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OKO, a high-tech insurance for African farmers

A graduate of Luxembourg’s start-up acceleration programme Fit 4 Start, OKO combines satellite data and mobile phone technology to provide affordable and accessible crop insurance to farmers in Africa. The programme helped the company design its offering in a way that suits clients’ needs and ways of life.

Working for start-up company BIMA, young entrepreneur Simon Schwall was part of a pioneering initiative to sell life and health insurance in Papua New Guinea via mobile payments. The model was a success, but when severe drought hit the region, many people could neither pay their insurance nor basic necessities. “I realised that there was an enormous need for some kind of insurance for people who depend on agriculture for their livelihood. Crop insurance seemed to me to be the next obvious step.”

Mr Schwall quickly realised that the main stumbling block for setting up an affordable crop insurance model was the cost of verifying claims. His solution was to use satellite data, such as that made available for free by the European Space Agency’s earth observation programme Copernicus. “Satellite data makes it possible to evaluate whether a specific geographical area has been affected by a flood or drought due to weather condition without having to go on site,” he explains. Combining such data, mobile payment technology and considerable knowledge of providing insurance to low income makers in developing countries, OKO Crop Assurance was born.

Ensuring the product-market fit

OKO was originally set up in Israel, but after about a year in existence, the company obtained a place in Luxembourg’s Fit 4 Start programme. The regular feedback from the programme coaches proved very valuable.

“Fit 4 Start is strongly focused on making sure that your product really fits your customers’ needs,” says Mr Schwall. “Although we believed that we had a very good product, we realised that we still needed to make quite a few modifications to suit our clients. I learnt that you never know your customers well enough, and it is worth spending a lot of energy in the beginning to clarify how your solution can best fit their lifestyle and habits.”

Mr Schwall also appreciates the seed funding provided to Fit 4 Start participants. “At that early stage, it was difficult to find funding to run pilots and prove the model. The programme funding was really helpful.”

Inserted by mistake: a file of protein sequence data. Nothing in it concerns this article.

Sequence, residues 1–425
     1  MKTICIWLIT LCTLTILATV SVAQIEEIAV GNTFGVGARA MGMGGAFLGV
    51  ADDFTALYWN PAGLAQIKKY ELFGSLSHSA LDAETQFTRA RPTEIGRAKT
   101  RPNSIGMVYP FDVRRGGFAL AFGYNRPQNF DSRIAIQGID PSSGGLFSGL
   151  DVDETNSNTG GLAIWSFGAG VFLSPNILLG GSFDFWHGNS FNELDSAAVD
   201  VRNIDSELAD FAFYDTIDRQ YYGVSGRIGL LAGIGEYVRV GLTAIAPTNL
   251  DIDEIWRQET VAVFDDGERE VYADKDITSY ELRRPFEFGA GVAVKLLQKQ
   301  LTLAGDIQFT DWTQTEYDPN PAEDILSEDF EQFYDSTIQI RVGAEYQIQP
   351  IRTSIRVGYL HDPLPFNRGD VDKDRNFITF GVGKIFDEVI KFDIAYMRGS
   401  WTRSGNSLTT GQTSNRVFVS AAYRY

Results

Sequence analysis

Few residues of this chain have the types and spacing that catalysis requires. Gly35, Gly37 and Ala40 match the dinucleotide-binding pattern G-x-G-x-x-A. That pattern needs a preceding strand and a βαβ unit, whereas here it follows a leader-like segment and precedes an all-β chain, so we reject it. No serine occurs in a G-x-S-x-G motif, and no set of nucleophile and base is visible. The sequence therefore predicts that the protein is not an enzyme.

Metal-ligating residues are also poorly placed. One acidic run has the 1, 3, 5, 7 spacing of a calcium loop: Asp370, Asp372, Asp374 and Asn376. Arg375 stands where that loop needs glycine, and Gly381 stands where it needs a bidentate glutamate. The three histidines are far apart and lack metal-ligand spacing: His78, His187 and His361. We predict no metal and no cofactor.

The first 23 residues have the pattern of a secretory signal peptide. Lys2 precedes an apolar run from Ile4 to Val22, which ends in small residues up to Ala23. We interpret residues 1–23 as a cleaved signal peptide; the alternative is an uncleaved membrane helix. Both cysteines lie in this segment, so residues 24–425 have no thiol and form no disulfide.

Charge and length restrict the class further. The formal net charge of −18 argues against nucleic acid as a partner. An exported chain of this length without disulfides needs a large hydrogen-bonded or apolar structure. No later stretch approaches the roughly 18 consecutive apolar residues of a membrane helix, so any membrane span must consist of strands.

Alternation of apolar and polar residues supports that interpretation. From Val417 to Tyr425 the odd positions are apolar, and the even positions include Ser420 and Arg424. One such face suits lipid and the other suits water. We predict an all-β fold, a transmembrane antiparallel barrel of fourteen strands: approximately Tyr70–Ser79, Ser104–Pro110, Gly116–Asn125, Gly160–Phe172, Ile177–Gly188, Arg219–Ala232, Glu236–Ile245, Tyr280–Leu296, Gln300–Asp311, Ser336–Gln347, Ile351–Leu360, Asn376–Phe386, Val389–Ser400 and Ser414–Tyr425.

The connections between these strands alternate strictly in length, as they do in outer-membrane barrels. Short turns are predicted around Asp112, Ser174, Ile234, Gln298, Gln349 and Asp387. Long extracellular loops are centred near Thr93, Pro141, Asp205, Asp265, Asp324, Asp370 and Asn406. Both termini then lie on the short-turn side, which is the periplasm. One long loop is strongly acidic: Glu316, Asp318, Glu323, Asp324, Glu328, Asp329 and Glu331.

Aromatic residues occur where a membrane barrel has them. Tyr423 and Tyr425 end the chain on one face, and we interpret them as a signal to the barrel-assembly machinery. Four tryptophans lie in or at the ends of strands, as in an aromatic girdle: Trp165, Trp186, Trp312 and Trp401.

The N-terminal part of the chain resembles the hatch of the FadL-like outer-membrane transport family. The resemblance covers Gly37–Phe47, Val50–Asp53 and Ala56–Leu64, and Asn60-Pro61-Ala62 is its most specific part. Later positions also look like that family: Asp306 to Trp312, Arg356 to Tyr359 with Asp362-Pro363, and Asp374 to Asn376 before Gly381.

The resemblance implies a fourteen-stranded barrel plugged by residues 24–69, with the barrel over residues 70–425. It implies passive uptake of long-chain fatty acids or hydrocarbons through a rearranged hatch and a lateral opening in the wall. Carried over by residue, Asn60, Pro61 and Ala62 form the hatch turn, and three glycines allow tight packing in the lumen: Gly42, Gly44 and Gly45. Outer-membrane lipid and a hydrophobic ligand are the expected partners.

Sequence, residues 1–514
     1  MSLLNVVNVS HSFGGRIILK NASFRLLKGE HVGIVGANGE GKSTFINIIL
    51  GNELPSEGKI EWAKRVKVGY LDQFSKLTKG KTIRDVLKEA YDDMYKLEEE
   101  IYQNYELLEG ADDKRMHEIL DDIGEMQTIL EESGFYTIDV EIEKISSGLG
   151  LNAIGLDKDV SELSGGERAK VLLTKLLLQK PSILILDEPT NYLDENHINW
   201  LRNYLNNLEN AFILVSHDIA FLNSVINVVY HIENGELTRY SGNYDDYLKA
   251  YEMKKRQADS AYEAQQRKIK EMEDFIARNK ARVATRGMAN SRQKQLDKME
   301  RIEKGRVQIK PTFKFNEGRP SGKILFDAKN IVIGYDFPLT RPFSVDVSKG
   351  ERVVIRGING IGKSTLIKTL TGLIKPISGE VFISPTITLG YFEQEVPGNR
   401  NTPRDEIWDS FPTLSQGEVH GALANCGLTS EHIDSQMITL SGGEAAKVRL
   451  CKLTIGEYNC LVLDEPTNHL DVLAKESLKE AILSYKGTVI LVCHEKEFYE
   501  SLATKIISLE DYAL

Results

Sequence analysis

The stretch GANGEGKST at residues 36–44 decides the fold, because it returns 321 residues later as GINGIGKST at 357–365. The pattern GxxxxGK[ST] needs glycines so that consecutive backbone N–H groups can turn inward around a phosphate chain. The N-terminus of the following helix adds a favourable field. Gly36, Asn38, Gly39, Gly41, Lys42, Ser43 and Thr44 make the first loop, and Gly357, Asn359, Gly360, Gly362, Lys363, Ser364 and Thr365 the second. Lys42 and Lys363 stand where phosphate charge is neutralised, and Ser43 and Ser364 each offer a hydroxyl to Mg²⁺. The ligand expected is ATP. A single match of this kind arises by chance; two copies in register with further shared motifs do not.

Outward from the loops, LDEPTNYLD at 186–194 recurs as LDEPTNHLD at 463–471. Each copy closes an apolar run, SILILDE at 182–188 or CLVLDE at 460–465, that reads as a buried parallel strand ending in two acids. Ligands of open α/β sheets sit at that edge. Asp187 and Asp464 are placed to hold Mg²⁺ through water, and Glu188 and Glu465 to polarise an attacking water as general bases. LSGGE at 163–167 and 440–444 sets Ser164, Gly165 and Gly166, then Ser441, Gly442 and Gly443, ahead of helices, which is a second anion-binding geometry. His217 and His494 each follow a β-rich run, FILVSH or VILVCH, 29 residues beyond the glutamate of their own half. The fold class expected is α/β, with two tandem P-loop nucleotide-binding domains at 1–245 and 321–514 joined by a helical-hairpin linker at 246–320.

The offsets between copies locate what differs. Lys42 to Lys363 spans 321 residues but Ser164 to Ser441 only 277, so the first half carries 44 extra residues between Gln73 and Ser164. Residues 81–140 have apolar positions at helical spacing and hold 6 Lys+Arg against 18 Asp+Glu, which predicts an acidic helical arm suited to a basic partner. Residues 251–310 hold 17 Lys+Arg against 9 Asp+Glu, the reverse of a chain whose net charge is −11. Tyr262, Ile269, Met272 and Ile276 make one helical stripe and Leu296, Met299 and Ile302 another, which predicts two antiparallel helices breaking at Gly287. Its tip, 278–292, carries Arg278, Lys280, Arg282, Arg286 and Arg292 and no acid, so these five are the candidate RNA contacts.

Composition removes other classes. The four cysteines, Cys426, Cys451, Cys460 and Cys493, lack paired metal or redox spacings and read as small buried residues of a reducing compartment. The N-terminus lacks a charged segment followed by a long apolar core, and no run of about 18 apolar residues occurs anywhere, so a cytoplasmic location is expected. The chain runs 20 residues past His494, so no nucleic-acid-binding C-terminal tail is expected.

International to the core

The first official product launch took place in Mali in January 2020, and to date, over 1,000 farmers have subscribed. “Our offering is available to anyone who has a mobile phone. Potential clients can ask our call centre to contact them without having to use any phone credits, which is very helpful. We have also employed 17 sales representatives who go to cooperatives, farms and markets and explain how our insurance works.”

Today, OKO has staff in Israel, Mali and Luxembourg, which hosts the technical team. “There are many advantages of being in Luxembourg, in particular the attractive R&D incentives,” says Mr Schwall. “Luxembourg is also more welcoming to foreign workers than Israel. My CTO is from India, and it was a lot easier for him to get a visa in Luxembourg than in Israel.” Israel, on the other hand, offers a stimulating start-up environment, relatively low costs of living and a good visibility towards investors.

Making a difference

Together with its partners, telecommunications provider Orange and insurance company Allianz, OKO is now exploring new markets. The company is working on a pilot project in Uganda to provide insurance to the barley producers of a beer company. “Our offering is combined with their sustainability programme,” Mr Schwall points out. “We help them reach their sustainability goals, while making their farmers become more weather resilient and less financially vulnerable.”

The company won the second prize at the Fintech Awards 2019, one of the main fintech competitions in Luxembourg, and has been included in the list of the Top European fintech startups to follow in 2020 by Sifted, the Financial Times start-up media.

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